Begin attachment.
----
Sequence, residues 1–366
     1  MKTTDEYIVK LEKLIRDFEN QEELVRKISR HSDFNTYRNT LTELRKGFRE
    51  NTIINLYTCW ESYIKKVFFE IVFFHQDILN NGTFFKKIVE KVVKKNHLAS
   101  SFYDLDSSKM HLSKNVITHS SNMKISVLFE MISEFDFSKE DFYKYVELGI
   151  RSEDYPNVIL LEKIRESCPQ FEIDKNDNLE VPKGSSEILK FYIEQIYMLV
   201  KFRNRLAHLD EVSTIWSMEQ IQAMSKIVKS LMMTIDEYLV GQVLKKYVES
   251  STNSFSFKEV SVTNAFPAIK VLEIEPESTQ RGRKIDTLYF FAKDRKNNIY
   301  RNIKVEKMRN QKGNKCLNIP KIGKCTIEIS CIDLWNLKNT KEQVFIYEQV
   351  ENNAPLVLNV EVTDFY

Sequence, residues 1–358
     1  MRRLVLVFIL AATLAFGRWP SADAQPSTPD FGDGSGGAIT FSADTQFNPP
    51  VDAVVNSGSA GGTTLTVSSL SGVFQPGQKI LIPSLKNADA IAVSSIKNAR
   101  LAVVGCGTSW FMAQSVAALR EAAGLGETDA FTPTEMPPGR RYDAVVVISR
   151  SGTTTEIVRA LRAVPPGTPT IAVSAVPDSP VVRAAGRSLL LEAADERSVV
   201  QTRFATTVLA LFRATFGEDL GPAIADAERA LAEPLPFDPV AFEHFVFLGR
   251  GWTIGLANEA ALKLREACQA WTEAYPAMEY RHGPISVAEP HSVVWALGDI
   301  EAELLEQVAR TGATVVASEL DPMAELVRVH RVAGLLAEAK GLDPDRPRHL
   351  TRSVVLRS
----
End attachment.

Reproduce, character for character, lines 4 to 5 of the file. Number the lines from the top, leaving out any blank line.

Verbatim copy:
   101  SFYDLDSSKM HLSKNVITHS SNMKISVLFE MISEFDFSKE DFYKYVELGI
   151  RSEDYPNVIL LEKIRESCPQ FEIDKNDNLE VPKGSSEILK FYIEQIYMLV